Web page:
Lawsuit Against FDNY Over Dispatching Error Reinstated

A NY Supreme Court judge has reinstated a lawsuit against FDNY over a dispatching error that led to a delay in the response to a drowning incident in 2014. The suit had been dismissed in 2016 because the mother of the victim failed to file a notice of claim with the city in a timely manner.

The victim, a four-year-old girl, fell into a backyard swimming pool and was discovered floating unconscious. Her father, an emergency room physician, initiated CPR while others called 911. However, confusion over the correct address led to a delay in the arrival of firefighters, BLS and eventually ALS personnel. The child, identified in the complaint as M.I., suffered brain injuries.

The suit was filed in 2015 in Kings County Supreme Court by the girl’s mother, Fatma Adbelghany. The complaint sought an initial determination that a late notice of claim should be accepted because the city was already on notice of the incident. Attorneys for the city countered that the city would be prejudiced by having to defend itself in light of Adbelghany’s late notice in part because the 911 recordings were no longer available. The court agreed the city would be prejudiced and dismissed the suit in 2016.

Adbelghany asked the court reconsider the timeliness issue after copies of the 911 audio recordings surfaced and confirmed that units were initially dispatched to the wrong location, 2660 East 65th Street instead of 2260 East 65th Street. From the ruling:

  • In the …[original filing], petitioner contended … that respondents, the City of New York and the New York City Fire Department (the City) had actual knowledge because the incident was well documented in the 911 records and the incident directly involved city employees.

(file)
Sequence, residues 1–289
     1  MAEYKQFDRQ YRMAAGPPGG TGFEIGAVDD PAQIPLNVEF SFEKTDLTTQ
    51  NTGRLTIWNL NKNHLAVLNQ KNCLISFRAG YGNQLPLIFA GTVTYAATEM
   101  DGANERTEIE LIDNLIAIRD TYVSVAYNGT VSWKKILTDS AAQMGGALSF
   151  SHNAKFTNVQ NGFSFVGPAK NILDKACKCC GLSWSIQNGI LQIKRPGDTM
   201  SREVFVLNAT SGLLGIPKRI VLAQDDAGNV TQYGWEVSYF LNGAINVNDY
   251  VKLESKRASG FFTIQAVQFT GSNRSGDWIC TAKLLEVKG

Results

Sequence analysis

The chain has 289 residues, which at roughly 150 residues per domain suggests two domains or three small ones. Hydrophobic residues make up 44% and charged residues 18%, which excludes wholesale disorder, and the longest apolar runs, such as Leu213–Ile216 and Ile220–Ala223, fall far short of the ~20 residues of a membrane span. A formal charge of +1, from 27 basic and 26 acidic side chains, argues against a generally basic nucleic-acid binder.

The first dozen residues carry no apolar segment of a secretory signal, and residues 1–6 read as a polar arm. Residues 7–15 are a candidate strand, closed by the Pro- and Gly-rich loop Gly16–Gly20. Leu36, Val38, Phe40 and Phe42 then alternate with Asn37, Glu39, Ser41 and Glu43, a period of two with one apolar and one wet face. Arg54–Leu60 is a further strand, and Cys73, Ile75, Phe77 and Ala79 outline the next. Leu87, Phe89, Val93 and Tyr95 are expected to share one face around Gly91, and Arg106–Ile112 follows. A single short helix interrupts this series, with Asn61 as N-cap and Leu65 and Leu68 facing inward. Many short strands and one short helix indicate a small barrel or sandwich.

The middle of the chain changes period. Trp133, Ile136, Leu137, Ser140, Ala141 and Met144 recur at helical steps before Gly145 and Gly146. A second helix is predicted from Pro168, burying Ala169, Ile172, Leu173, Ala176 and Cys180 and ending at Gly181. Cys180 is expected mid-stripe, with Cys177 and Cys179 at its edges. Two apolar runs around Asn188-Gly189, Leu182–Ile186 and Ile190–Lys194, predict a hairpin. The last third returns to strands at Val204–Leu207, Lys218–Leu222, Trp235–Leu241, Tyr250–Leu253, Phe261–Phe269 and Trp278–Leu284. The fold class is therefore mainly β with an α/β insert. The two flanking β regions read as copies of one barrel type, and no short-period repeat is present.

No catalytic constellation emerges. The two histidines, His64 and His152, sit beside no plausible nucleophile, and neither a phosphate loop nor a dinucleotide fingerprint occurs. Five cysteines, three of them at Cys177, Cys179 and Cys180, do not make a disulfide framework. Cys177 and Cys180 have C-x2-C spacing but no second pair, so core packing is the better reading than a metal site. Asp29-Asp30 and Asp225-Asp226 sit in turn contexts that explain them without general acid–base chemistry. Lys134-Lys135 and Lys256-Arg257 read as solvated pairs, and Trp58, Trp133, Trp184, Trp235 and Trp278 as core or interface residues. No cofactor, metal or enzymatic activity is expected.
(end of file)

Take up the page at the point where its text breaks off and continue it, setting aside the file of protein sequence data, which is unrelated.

• Similarly, petitioner argued that the City would not be prejudiced because the incident was well documented and as a result, the City retains its ability to investigate.
  • This Court notes that petitioner provided no documents to support these assertions.
  • In opposition, the City argued… that they did not have actual knowledge and that they would be significantly prejudiced by the delay.
  • The City stated that “[w]hile the order to show cause was pending, respondents conducted a cursory investigation into the matter and learned that the audiotape of the initial conversation between the 911 operator and the caller had been deleted, consistent with NYPD protocol on January 25, 2015… It is NYPD policy to delete the audiotape of the 911 call after 180 days”
  • They argued that “[w]ere this application to be granted, respondents would be required to defend a multi-million dollar lawsuit of a brain-damaged infant without the benefit of an early investigation and without access to crucial records such as the 911 audiotape”
  • In support, the City provided a NYPD Sprint Report, an New York City Fire Department (FDNY) Computer Aided Dispatch (CAD) report, the BLS ambulance’s pre-hospital care report and an e911 Police Department request form.
  • The City further provided an affidavit from Janice Olszewski, FDNY deputy assistant chief of emergency medical services, stating that the incident generated no “unusual occurrence reports”.
  • The NYPD Sprint Report shows that the call was initiated at 6:58 p.m.
  • The NYPD Sprint Report and FDNY CAD report show that the location, 2660 East 65th Street, was corrected to 2260 East 65th Street, at 7:14 p.m.
  • After oral argument, this Court denied petitioner’s application.